If you've wondered whatever happened to Tim Fisher (I know I have): he's been collecting his own crop seeds and personally took his deposits straight to the Doomsday vault.
Good for him.
|There's Tim Fisher|
It was a bone-chilling -15C in the Arctic Circle this week when Boree Creek’s most famous farmer, former deputy prime minister Tim Fischer, stood in the half-light on a frozen mountain and entrusted his farm’s wheat and oats seeds to the future of mankind.
Fischer’s favourite homegrown crops were among more than 10,000 different samples of Australian cereal, legume and pasture seeds deposited this week into the famous “Doomsday” global crop seed vault on the glacier and snow covered archipelago of Svalbard in Norway’s far north.
It was also the first time seeds from indigenous Australian native plants, distant wild relatives of modern food crops, had been “banked” for posterity in the underground, highly secure Svalbard seed vault.
The $9 million seed treasure trove, whose upkeep is part-funded by Australian grain growers, now holds and conserves 820,000 different types of crop seeds from around the globe left within its icy bowels since 2008.
The Svalbard Global Seed Vault - built inside a permanently frozen mountain to withstand both a nuclear explosion and a meltdown of the polar icecaps - is essentially a modern-day Noah’s Ark for crop plants.
Its mission is to ensure that as many species and varieties of the crops and pasture grasses that feed the world are protected and preserved for eternity.
Besides protecting the world’s food sources from catastrophe, it also will eventually contain as many as 4.5 million different crop types and seeds - from potatoes and sorghum to wheat, beans and cassava - providing an unparalleled source of genetic biodiversity that may prove invaluable to plant breeders of the future.
Mr Fischer, who recently became vice-president of the Global Crop Diversity Trust that initiated the vault’s construction and part-funds its upkeep, said the depositing of the 14 sealed boxes containing unusual and rare Australian crop seeds was an emotional and historic day for him and Australia.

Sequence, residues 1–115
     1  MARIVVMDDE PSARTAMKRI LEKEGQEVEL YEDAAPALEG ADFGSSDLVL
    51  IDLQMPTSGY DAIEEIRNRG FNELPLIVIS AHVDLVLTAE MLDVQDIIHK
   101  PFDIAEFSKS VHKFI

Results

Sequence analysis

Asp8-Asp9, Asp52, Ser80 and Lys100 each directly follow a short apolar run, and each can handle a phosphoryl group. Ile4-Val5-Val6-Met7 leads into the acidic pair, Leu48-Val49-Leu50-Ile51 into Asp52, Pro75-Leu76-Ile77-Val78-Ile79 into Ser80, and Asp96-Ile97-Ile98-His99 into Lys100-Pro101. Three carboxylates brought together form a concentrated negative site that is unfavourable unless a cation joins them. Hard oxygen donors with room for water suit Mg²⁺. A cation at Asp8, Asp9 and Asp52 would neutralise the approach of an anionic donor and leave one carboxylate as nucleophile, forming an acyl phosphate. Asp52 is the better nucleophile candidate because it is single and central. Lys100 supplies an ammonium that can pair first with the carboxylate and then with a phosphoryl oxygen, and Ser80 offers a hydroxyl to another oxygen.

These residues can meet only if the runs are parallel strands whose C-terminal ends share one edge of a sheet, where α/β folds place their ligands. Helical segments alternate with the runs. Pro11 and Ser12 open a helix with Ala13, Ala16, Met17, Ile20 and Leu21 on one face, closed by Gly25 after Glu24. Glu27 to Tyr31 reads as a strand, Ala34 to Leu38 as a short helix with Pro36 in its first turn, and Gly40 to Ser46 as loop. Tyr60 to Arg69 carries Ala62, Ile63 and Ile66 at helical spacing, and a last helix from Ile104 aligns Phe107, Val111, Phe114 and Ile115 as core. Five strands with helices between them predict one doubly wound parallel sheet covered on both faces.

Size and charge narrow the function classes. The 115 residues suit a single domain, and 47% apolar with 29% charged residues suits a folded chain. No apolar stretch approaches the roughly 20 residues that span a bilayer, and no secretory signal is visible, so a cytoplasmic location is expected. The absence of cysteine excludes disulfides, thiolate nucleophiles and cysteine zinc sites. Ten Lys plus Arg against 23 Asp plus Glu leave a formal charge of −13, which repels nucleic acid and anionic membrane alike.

Now his campaign is to make sure the world knows more about the endeavour under wayon Svalbard - and helps finance a permanent $500 million endowment fund to keep the vault safe.
“What is happening inside this Svalbard vault is for the betterment of the world and goes to the very future of our food,” said Mr Fischer, clutching the blue plastic seed box with his best Boree Creek Ventura wheat and favourite Graza 50 oats seed packets sealed within. “While I am greatly privileged that in box No 10 being deposited in the vault are seeds from my own farm, they are just a tiny part of the 10,000 seeds from the Australian grains, oilseeds and pasture gene banks being left here today. We have made them safe and that is what this Svalbard vault is all about; guaranteeing the future food security of the world.”
The small town on the frozen seafront just below the vault is Longyearbyen, the most northern permanent settlement in the world at 78 degrees latitude.
Sue Neales travelled to the Svalbard seed vault this week with the assistance of the Crawford Fund for International Agricultural Research.
The Weekend Australian March 1-2 2014